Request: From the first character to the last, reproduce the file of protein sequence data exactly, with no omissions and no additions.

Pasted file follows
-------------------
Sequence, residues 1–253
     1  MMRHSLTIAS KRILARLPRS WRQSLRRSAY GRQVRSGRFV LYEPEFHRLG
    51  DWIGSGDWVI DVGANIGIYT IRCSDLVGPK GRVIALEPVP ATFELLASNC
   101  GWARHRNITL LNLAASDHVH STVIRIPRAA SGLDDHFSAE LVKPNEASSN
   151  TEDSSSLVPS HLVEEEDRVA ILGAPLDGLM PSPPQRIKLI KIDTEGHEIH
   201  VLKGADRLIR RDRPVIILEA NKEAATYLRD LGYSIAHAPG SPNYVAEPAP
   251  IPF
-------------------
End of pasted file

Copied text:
Sequence, residues 1–253
     1  MMRHSLTIAS KRILARLPRS WRQSLRRSAY GRQVRSGRFV LYEPEFHRLG
    51  DWIGSGDWVI DVGANIGIYT IRCSDLVGPK GRVIALEPVP ATFELLASNC
   101  GWARHRNITL LNLAASDHVH STVIRIPRAA SGLDDHFSAE LVKPNEASSN
   151  TEDSSSLVPS HLVEEEDRVA ILGAPLDGLM PSPPQRIKLI KIDTEGHEIH
   201  VLKGADRLIR RDRPVIILEA NKEAATYLRD LGYSIAHAPG SPNYVAEPAP
   251  IPF